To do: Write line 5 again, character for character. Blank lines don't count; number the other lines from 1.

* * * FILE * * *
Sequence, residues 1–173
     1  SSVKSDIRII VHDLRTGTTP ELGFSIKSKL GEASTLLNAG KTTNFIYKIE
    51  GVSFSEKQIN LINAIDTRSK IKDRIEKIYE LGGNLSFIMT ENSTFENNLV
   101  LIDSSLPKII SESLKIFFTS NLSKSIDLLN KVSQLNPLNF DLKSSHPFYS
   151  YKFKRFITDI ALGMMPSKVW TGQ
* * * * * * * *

   151  YKFKRFITDI ALGMMPSKVW TGQ